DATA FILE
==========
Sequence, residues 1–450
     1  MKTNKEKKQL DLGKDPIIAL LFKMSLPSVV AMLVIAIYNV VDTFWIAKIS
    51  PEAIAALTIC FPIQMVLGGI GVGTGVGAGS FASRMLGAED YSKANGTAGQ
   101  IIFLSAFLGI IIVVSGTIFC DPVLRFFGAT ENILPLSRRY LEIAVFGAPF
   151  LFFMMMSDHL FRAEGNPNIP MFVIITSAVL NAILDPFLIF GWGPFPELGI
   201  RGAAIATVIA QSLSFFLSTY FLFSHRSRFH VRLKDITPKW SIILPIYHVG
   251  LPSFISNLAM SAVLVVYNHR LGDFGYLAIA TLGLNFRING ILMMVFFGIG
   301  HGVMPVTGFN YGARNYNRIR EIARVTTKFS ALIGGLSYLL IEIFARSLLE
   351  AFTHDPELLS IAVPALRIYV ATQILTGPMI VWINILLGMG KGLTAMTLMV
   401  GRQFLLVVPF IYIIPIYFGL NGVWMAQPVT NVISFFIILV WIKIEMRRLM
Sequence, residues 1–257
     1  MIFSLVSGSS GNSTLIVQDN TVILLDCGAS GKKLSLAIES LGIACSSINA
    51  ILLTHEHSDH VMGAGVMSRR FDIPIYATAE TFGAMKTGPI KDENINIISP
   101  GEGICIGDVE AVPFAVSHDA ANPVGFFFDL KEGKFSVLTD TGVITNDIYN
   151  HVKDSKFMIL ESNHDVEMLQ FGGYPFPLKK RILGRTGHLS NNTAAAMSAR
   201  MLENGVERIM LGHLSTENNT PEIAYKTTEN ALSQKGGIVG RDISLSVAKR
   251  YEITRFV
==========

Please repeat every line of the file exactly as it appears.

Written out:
Sequence, residues 1–450
     1  MKTNKEKKQL DLGKDPIIAL LFKMSLPSVV AMLVIAIYNV VDTFWIAKIS
    51  PEAIAALTIC FPIQMVLGGI GVGTGVGAGS FASRMLGAED YSKANGTAGQ
   101  IIFLSAFLGI IIVVSGTIFC DPVLRFFGAT ENILPLSRRY LEIAVFGAPF
   151  LFFMMMSDHL FRAEGNPNIP MFVIITSAVL NAILDPFLIF GWGPFPELGI
   201  RGAAIATVIA QSLSFFLSTY FLFSHRSRFH VRLKDITPKW SIILPIYHVG
   251  LPSFISNLAM SAVLVVYNHR LGDFGYLAIA TLGLNFRING ILMMVFFGIG
   301  HGVMPVTGFN YGARNYNRIR EIARVTTKFS ALIGGLSYLL IEIFARSLLE
   351  AFTHDPELLS IAVPALRIYV ATQILTGPMI VWINILLGMG KGLTAMTLMV
   401  GRQFLLVVPF IYIIPIYFGL NGVWMAQPVT NVISFFIILV WIKIEMRRLM
Sequence, residues 1–257
     1  MIFSLVSGSS GNSTLIVQDN TVILLDCGAS GKKLSLAIES LGIACSSINA
    51  ILLTHEHSDH VMGAGVMSRR FDIPIYATAE TFGAMKTGPI KDENINIISP
   101  GEGICIGDVE AVPFAVSHDA ANPVGFFFDL KEGKFSVLTD TGVITNDIYN
   151  HVKDSKFMIL ESNHDVEMLQ FGGYPFPLKK RILGRTGHLS NNTAAAMSAR
   201  MLENGVERIM LGHLSTENNT PEIAYKTTEN ALSQKGGIVG RDISLSVAKR
   251  YEITRFV